“As the old saying goes, the flip side of love is hatred. You cannot care about something, and fail to hate what threatens it. This leads us to the difficult question of what to love, and the Left posits universal love, which for them means pretending to be a god and loving everything, without understanding that the love of a god is love for creation itself, not a desire to preserve each part.” — Brett Stevens
St. John Paul II describes how Christ’s act of redeeming us from slavery to sin is both a free gift and a task:
“In the mystery of Redemption, Christ’s victory over evil is given to us not simply for our personal advantage, but also as a task. We accept that task as we set out upon the way of the interior life, working consciously on ourselves—with Christ as our Teacher. The Gospel calls us to follow this very path. Christ’s call “Follow me!” is echoed on many pages of the Gospel and is addressed to different people—not only to the Galilean fishermen whom Jesus calls to become his Apostles (cf. Mt 4:19, Jn 1:43), but also, for example, to the rich young man in the Synoptic Gospels (cf. Mt 19:16-22, Mk 10:17:22, Lk 18:18-23). Jesus’s conversation with him is one of the key texts to which we must constantly return, from various points of view, as I did, for example, in the encyclical Veritatis Splendor.
“In the matter of reforming things, as distinct from deforming them, there is one plain and simple principle; a principle which will probably be called a paradox. There exists in such a case a certain institution or law; let us say, for the sake of simplicity, a fence or gate erected across a road. The more modern type of reformer goes gaily up to it and says, “I don’t see the use of this; let us clear it away.” To which the more intelligent type of reformer will do well to answer: “If you don’t see the use of it, I certainly won’t let you clear it away. Go away and think. Then, when you can come back and tell me that you do see the use of it, I may allow you to destroy it.” — G. K. Chesterton, The Drift from Domesticity
“Buddha is only for the West to study as history, that it is a subject for understanding, and Yoga can profitably be practiced to that end. But it is not for the West an Answer, not a Solution. We must learn by acting, experiencing, and living, that is, above all by Love and Suffering,” — Jack Kerouac – letter to William Burroughs, 1954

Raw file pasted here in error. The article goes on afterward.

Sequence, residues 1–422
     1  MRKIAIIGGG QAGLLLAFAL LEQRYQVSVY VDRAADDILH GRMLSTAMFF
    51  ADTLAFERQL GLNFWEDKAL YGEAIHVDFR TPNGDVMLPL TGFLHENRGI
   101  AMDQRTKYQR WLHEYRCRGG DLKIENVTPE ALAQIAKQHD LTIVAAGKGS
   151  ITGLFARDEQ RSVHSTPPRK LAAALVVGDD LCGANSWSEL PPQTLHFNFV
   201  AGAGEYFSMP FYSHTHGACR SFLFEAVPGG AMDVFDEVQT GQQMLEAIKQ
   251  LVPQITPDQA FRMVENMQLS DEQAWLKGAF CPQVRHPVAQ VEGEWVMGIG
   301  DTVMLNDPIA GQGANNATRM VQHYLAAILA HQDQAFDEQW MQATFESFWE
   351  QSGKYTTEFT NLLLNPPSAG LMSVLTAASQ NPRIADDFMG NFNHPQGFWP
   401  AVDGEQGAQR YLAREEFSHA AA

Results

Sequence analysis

“The Catholic Church is an institution I am bound to hold divine, but for unbelievers, here is proof of its divinity, that no merely human institution run with such knavish imbecility would have lasted a fortnight.” — Hilaire Belloc
“The Saint is a medicine because he is an antidote. Indeed that is why the saint is often a martyr; he is mistaken for a poison because he is an antidote. He will generally be found restoring the world to sanity by exaggerating whatever the world neglects, which is by no means always the same element in every age. Yet each generation seeks its saint by instinct; and he is not what the people want, but rather what the people need.” — G.K. Chesterton: St. Thomas Aquinas, Chap. I.
“Consider your origin. You were not formed to live like brutes but to follow virtue and knowledge.” — Dante The Divine Comedy
“The big reason is that we’re all impostors. You’re not imagining that you’re an impostor, it’s likely that you are one.
“Everyone who is doing important work is working on something that might not work. And it’s extremely likely that they’re also not the very best qualified person on the planet to be doing that work.
“How could it be any other way? The odds that a pure meritocracy chose you and you alone to inhabit your spot on the ladder is worthy of Dunning-Kruger status. You’ve been getting lucky breaks for a long time. We all have.
“Yes, you’re an imposter. So am I and so is everyone else. Superman still lives on Krypton and the rest of us are just doing our best.
“Isn’t doing your best all you can do? Dropping the narrative of the impostor isn’t arrogant, it’s merely a useful way to get your work done without giving into Resistance.
“Time spent fretting about our status as impostors is time away from dancing with our fear, from leading and from doing work that matters.” — Seth Godin
“Even in the very depths of the worst possible of worst-case scenarios of crisis in the Catholic Church, denial is not helpful. The crocodile does not care how tightly we close our eyes as it eats us.” — Hilary White
“One of the most dreaded transitions in any essay is, “but first we have to understand …”. No. Actually, we don’t. As Richard Feynman said, your theory is probably sound if you can explain it to your dear old Mom in a couple of sentences of plain words. Said differently, unless you’re the Notre-Dame Cathedral, external props are not a good look. But this is just nitpicking by a guy in the cheap seats.” — Ol’ Remus